About Parkinson’s Disease

Parkinson’s Disease is a progressive neurodegenerative brain disorder, which causes tremors and difficulty with movement and coordination. Parkinson’s affects nerve cells, called neurons, in a particular part of the brain called the substantia nigra. These neurons normally produce dopamine, a brain chemical that relays messages between the substantia nigra and other parts of the brain that control muscle movement. These dopamine-producing neurons are slowly destroyed over time, eventually preventing normal control of movement. The cause of the neuronal degeneration is unknown. In the U.S. more than fifty thousand new PD cases are diagnosed each year.

Symptoms of Parkinson’s disease may initially be mild and may affect one or both sides of the body.

Motor Symptoms include:

Muscle rigidity

  • Increased resistance to range of motion
  • Increases with movement, stress, increased concentration

Tremor (shaking) at rest

  • 50% of patients complain of tremor as the first sign of PD
  • Usually occurs at rest or when limbs are held out but decreases upon moving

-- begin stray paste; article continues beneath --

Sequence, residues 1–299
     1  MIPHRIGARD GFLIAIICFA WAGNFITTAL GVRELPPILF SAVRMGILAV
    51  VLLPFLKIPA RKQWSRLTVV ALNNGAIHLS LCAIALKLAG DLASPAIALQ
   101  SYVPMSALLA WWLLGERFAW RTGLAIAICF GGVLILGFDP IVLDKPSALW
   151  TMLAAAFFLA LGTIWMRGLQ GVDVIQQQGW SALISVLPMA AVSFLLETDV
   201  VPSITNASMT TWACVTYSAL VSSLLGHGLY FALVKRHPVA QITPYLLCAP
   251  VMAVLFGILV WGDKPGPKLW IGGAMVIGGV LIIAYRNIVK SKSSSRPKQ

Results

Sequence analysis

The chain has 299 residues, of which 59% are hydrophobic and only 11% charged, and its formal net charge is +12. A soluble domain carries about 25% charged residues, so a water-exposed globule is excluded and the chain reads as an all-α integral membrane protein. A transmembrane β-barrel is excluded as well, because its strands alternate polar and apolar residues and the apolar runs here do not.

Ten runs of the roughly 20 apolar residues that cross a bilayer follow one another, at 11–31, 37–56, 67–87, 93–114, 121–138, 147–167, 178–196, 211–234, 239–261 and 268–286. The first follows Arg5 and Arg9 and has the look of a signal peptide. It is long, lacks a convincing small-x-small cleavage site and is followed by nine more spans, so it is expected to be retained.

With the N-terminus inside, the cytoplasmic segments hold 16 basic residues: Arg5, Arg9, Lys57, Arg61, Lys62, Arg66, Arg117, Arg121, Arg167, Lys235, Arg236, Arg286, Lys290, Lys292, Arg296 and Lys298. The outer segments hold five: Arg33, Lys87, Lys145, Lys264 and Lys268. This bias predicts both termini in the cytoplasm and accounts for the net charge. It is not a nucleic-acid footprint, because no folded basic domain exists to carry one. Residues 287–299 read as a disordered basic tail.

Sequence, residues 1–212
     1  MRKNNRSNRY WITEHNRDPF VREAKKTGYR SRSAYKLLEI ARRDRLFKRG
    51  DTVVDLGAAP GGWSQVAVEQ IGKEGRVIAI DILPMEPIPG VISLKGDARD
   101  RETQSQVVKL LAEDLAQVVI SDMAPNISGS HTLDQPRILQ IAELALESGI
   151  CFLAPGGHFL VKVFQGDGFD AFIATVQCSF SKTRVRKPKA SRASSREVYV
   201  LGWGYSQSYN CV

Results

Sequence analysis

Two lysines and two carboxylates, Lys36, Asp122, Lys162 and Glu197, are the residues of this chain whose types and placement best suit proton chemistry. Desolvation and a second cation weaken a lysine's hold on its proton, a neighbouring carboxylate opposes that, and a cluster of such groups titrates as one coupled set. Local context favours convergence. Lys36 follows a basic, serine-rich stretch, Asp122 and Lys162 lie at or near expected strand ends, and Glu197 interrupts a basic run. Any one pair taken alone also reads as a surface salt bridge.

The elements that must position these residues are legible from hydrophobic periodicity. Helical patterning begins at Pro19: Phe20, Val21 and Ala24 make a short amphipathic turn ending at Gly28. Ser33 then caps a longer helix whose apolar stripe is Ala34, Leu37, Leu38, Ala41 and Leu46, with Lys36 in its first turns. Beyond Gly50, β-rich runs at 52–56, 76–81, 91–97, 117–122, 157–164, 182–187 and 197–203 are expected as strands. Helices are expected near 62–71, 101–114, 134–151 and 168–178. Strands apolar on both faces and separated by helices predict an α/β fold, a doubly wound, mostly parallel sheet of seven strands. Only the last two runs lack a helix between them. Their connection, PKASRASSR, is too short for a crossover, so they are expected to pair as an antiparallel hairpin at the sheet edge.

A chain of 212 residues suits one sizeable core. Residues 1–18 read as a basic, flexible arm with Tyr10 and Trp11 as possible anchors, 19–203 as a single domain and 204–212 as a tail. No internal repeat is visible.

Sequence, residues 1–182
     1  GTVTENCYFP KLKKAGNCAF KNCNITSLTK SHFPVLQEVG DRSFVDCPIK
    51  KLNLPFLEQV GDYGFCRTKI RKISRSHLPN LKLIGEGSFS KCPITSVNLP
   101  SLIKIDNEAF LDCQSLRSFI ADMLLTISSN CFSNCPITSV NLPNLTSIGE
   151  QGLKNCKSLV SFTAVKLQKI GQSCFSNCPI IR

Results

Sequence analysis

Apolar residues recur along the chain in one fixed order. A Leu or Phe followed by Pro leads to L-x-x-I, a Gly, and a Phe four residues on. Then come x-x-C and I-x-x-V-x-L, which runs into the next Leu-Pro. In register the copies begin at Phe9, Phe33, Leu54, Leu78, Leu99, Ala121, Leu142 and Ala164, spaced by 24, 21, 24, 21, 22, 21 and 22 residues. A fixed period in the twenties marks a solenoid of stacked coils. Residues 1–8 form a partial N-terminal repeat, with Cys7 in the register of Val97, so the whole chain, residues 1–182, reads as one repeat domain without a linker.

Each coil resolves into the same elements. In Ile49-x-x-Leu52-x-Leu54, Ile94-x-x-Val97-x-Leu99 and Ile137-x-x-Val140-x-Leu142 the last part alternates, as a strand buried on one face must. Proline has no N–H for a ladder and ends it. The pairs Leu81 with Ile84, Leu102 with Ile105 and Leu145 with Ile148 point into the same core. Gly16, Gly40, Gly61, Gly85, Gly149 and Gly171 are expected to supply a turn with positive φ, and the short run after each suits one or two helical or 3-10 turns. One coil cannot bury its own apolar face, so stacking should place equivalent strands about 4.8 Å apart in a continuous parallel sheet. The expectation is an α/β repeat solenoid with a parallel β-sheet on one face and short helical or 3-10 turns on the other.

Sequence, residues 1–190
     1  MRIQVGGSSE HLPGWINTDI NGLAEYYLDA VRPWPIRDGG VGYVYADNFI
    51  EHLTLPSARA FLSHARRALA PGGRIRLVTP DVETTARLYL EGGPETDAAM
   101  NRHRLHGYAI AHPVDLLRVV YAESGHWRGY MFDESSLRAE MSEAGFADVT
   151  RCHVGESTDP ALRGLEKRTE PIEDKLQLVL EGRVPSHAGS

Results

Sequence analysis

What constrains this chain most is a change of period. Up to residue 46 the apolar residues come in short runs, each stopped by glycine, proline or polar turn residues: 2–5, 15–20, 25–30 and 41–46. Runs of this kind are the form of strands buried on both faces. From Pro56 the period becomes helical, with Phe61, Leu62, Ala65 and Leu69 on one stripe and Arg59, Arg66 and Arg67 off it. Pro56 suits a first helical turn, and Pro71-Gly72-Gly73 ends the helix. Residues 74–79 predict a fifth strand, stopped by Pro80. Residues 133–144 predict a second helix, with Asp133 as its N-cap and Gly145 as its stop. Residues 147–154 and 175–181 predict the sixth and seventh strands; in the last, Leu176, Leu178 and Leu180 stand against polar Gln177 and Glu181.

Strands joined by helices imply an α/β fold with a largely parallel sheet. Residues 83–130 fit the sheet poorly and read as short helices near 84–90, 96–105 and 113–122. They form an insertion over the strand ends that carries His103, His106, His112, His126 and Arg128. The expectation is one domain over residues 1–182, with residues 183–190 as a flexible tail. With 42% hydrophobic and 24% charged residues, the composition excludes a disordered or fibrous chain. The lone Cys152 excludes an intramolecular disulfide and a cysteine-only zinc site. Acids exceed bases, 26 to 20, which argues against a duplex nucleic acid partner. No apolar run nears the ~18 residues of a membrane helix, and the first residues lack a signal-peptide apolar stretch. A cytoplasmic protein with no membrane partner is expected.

• May move to head, lips, tongue, and feet
  • Aggravated by fatigue, excitement, or stress

Difficulty with balance (postural instability)

Slowed movement (bradykinesia)

  • May be the earliest or most subtle sign of PD
  • Increases with stress
  • Has serious effects on walking and balance and may cause falls

Difficulty initiating and continuing movement

  • Sudden, stalled movement (“Freezing”)

Lack of facial expression (hypomimia)

Decreased swinging of arms or increased dragging of feet

Loss of fine motor skills

  • Handwriting becoming smaller/cramped together (micrographia)

Muscle aches /pains

Difficulty swallowing



Slowed, quieter,  monotone speech

Stooped position

Low blood pressure upon standing

Lack of body temperature regulation


Anxiety, stress, tension
Hallucinations, vivid dreams, or sleep disturbances
Memory Loss

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by our Medical Director Stuart Isaacson MD